Not quite. You might say that we still are in those days, but we’re not exactly going back to them. With all due respect for Tan (Zhongyi is her first name), she is one of those lesser goddesses won the title. Winning a World Cup – not even Carlsen did that last time – is very nice but it is no way to choose a proper World Champion. In the new (or renewed) system, someone like Tan will probably never make it. Of course it is sad that Hou doesn’t take part but I think the previous system / FIDE-leadership is very much to blame. However, current World Champion Ju is the next best thing, as number 2 of the world and World Champion twice. If Hou can or will not participate, she is a worthy subsititute. Now Goryachkina has quite convincingly gained the right to challenge her. It is not a ‘lucky’ World Cup winner of sorts, but currently the number 3 in the world. Still young and perhaps more promising than we may have thought. All the same, when the number 1 does not participate, and number 2 and 3 compete for the title, that’s way better than the old “dates” you refer to. We are now trying to leave that period behind, we are definitely not going back to it, even though the best player does not take part. The next best players do.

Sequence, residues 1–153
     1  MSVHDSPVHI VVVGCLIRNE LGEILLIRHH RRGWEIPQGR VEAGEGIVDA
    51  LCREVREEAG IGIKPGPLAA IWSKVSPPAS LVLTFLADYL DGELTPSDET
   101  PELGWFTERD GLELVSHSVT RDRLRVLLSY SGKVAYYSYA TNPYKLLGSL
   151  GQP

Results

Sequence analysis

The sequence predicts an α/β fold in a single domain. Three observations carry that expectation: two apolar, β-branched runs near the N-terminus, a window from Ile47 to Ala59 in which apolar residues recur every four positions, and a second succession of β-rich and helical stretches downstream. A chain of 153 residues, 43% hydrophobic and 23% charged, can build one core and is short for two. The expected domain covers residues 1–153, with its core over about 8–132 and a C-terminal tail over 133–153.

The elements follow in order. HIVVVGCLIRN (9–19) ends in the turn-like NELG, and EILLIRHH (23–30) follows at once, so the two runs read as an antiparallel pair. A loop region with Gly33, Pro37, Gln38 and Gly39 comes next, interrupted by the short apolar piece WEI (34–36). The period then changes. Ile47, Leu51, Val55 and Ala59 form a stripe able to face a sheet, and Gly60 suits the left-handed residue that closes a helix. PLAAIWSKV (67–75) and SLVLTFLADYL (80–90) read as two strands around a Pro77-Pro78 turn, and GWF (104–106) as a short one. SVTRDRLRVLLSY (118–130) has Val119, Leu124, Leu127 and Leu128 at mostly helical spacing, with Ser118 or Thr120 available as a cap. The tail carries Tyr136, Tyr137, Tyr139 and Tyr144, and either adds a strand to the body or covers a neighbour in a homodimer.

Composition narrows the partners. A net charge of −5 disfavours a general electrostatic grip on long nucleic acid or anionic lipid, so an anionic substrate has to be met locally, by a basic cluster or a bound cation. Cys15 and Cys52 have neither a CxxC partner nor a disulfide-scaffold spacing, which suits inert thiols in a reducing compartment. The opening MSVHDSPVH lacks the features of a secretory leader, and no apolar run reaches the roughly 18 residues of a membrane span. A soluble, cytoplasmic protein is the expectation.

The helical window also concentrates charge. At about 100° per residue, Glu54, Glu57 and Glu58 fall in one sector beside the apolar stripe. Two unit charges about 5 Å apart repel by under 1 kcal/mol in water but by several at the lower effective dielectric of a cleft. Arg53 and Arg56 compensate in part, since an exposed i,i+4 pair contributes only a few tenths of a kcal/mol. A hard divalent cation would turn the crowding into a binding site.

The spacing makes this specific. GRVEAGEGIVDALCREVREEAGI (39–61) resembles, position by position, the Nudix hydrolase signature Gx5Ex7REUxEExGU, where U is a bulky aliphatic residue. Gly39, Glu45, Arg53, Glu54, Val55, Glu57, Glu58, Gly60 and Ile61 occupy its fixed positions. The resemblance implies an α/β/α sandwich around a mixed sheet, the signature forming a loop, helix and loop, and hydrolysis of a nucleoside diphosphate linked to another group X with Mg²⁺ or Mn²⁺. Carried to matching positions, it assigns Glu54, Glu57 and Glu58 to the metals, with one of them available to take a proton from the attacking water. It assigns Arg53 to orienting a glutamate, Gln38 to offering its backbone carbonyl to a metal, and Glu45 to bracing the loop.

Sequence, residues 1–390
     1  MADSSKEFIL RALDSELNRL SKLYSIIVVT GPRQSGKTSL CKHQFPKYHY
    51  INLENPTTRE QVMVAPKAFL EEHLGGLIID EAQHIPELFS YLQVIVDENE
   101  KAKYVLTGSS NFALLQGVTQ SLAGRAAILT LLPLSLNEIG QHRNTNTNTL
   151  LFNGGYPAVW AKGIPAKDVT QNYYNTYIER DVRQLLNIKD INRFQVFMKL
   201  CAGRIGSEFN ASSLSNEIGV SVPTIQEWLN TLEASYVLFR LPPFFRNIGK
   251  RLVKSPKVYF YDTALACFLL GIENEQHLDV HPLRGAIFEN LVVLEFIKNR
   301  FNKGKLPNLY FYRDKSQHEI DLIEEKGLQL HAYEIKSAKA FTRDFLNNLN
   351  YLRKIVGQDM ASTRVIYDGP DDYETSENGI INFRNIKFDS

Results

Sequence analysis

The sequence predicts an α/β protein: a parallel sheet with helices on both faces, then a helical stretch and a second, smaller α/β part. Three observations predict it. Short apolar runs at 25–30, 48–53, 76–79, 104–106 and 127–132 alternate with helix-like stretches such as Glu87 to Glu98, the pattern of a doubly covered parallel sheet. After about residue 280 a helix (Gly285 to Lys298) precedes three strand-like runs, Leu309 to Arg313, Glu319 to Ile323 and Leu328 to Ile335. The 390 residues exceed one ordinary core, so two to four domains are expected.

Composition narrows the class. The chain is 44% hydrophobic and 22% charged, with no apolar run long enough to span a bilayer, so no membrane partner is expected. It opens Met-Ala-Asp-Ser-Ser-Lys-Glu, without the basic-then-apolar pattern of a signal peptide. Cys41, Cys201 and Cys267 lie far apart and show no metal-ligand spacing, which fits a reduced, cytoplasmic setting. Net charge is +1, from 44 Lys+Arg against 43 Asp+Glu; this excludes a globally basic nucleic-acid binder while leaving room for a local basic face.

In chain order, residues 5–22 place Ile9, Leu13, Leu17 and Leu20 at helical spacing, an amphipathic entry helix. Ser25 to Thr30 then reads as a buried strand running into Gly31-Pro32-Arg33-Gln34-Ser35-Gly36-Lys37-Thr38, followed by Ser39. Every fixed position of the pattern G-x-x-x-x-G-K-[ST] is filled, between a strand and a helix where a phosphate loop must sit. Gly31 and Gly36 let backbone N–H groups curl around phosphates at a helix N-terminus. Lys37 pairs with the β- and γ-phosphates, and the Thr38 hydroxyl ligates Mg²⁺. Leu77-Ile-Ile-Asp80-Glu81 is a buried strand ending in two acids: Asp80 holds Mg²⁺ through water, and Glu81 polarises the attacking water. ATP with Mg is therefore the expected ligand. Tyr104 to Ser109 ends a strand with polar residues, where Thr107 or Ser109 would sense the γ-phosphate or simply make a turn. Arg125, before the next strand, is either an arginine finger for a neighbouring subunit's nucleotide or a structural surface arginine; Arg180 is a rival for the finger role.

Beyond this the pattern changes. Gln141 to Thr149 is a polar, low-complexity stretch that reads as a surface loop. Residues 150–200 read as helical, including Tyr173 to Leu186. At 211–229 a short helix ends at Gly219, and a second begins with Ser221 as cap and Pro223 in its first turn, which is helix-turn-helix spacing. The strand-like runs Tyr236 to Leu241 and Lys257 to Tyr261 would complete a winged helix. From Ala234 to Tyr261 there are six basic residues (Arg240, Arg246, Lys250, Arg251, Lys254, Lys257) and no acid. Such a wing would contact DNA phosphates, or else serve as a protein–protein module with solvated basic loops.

ketchuplover ketchuplover 6/15/2019 04:10
I second that emotion
Zagliveri_chess Zagliveri_chess 6/15/2019 01:54
Nice to see the new generation advancing. However, both Zhongyi and Goryachkina are at least one level below Hou, and levels [plural] below the peak performance of J. Polgar. The title of 'World Champion' is suffering again, when the best player is not in the mix. We are going back to the dates when Khalifman, Ponomariov, and Kasimdzhanov were world champions, and that is really sad.
UncleTarrasch UncleTarrasch 6/15/2019 01:21
A worthy challenger for the world title. Congratulations Goryachkina!